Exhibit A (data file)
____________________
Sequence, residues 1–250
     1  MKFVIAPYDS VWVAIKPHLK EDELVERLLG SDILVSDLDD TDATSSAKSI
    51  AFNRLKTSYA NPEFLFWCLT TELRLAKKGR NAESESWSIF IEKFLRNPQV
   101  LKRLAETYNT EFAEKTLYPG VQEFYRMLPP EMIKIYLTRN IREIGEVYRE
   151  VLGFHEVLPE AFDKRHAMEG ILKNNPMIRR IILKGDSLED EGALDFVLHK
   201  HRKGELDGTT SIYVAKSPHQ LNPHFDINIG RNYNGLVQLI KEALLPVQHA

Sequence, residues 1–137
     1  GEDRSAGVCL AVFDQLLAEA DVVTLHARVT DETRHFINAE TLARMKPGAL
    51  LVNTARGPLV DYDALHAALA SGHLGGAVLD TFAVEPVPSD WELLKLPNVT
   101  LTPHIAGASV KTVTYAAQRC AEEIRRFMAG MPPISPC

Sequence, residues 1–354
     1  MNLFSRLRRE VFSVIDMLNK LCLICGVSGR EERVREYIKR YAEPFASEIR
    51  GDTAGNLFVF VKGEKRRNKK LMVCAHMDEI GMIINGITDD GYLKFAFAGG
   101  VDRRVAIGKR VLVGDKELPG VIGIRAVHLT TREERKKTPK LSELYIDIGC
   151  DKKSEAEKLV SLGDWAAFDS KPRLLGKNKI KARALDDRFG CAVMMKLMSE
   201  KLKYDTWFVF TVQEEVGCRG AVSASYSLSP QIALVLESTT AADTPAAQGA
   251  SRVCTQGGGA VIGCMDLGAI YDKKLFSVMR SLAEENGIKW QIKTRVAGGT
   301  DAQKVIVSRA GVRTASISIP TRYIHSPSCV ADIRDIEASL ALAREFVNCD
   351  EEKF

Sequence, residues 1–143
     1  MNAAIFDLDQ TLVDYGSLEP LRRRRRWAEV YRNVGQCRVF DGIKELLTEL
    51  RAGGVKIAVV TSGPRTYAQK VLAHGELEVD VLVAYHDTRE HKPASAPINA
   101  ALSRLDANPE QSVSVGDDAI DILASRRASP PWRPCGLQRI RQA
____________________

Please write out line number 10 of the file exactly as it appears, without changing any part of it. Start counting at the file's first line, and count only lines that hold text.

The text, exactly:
   101  LTPHIAGASV KTVTYAAQRC AEEIRRFMAG MPPISPC